I have it running stable at 1.4825 or 1.485vcore I think, it is 1.38 in Everest and Speedfan so I dont really know what that means. I am only at 3.5 ghz
When I set it to 1.5v which I believe is the highest intel says you should ever go and try 3.6ghz it dies almost as soon as I start Prime95 smallFFT test, less that a minute in. BSOD in Vista, who would have thought.
I have a Thermalright Ultra 120 Extreme I just installed today with AS5 and one of the Antec 3 speed fans that came with the case set to medium and the temps get as high as 73 degrees for spikes! The highest core temperature I saw was 70.
I have an antec nine-hundred with 4 120mm fans in a line going in the back, on the heatsink, just after the heatsink and one in the front all facing the same direction. There is a lot of airflow through there, if I set the fans any higher it sounds like the think is going to leave the ground. As most probably know this case also has a 200mm fan blowing straight up.
I just installed the true today and at idle with stock mobo settings (Auto sets the vcore to high I believe) it was idling at high 30s/40 so it doesnt seem like the TRUE is doing its job.
Sorry if that sounds like a lot of random info but I wanted to be thorough.
How high can I set my voltage and how high can my temps safely be? If it doesnt crash it will be fine but may die prematurely right (2-3 years at least hopefully)
Sorry to keep adding, but I thought I should explain I was running the stock hsf at 3.0ghz and would only hit around 60 in stress testing, the highest I ever saw was 65. At 3.2 which is the first I tried with my new heatsink I was reaching those same temps. What a way to spend $70, 200mhz
Most likely the TRUE isn't seated properly or there's too much or too little thermal paste or you need to lap both the cpu and the TRUE. This is one of the reason why I recommend the Nirvana over the TRUE.
You can try lapping both the cpu and TRUE, there's a guide up on the top here about them.
I really dont want to do that to the CPU, I may do it to the heatsink if I can get up in time to get to a hardware store (workin 3rd). I am having a hard time finding fine grit sandpaper.
But we are only talkin a couple degree drop with lapping right? While it would help it seems like there is a bigger problem. I could use a 10 degree drop. I may have put to much AS5 on. I remember the first time I did it with my stock hsf it put it on really thin and it looked really really light grey, this time it was to much I think it was thick enough to appear dark. I still wasnt a huge amount though.
How can the TRUE be seated wrong? Can anyone explain this so I dont do it again?
Also, my voltages having to be that high are just a fact of life at this point arent they? I think one more tick up to 1.5125 or somethin around there would get me stable. If the temps are fine I will be ok with that voltage right?
Those temps seem about normal considering the amount of voltage you're running. Is the system not stable at all? Right now I'm at 3.54GHz at 1.4v (1.32v load in CPU-Z) with a TRUE and i'm at around 63C load.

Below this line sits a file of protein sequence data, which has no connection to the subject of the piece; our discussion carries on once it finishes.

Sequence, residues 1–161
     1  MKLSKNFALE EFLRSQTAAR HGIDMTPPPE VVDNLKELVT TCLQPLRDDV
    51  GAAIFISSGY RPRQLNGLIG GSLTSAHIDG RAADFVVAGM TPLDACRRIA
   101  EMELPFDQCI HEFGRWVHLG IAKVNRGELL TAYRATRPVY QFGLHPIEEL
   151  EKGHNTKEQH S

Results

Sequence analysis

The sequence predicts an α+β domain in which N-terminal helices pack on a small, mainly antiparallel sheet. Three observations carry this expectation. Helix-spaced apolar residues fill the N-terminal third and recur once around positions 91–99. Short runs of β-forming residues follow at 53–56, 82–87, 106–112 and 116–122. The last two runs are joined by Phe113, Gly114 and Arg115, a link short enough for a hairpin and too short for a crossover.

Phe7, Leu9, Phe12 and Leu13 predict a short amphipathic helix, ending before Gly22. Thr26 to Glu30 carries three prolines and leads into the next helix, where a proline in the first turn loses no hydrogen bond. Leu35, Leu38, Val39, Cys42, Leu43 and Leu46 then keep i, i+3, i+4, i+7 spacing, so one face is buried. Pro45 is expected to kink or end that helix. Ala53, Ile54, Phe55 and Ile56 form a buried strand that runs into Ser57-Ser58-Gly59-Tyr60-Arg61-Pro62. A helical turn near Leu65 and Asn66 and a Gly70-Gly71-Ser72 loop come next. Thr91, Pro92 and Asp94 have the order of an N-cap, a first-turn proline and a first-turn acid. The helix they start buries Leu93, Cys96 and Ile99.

Thats the way it goes some times. But when you hit that special voltage notch up... you'll note that you get the heat all at once. Just keep yer eyes on it, and all is well. And yes, though you set it to 1.5, its actual value is lower. Watch where VDroop puts your VCore, and adjust from there. My 780i has a HUGE Vdroop, and it bombs $hit out when maxed, so it appears that my VCore is high, but have things hit a full draining load, vcore goes right where I want it to. Just pay attention. HWMonitor is great for that, thanks to showing the current value, and then the max value, great for full screen tests, close it, open it again, then load yer game and play... when yer done, you can see where the max temps and power were for each area of its sensors!
I would stop and listen to yourself for a minute. You are at a Vcore that is very reasonable. You are at a OC that is stable that is VERY reasonable. If that 100Mhz (That's right only 100Mhz) causes as much as a 5 minute hassle leave it as is stick with 3.5Ghz. In reality, you wasting all this extra time/effort/stress over 100Mhz. I understand the 'want' to be like everyone else that gets 3.6, but you can't be perfect, but you can get pretty damn close. Remember you are OC a cpu that at stock runs 2.4Ghz, the fact alone it went over 3Ghz was a blessing. I personally would save the time/stress with keeping it at 3.5Ghz. But if you want to continue I guess I can make a recommendation. First try to figure out your V-drop when you CPU is idle in windows. Take you BIOS setting and subtract your CPU-Z read out from that E.G(my case) In BIOS 1.4125 CPU-Z 1.3825(1.4125-1.3825=0.03V=Vdrop. Now take your drop and add that to 1.5V (1.5V+0.03=1.53V) Now that end voltage result(1.53V) is the MAX you can set in BIOS and still be within the 1.5V limit that is recommended. But having a Q6600 with exactly 1.5V pumping into it is going to generate a LOT of heat, probably not suitable for air cooling. Now set it to that and see if you can get it stable, if you eliminated all other possible issues such as memory,heat , your cpu is just limited. Now I'm sure judging from what you have already posted that you might wrestle with this voltage for quite a while to find out in the end it's just not worth it. I actually went through with this myself and my E2180. But goodluck.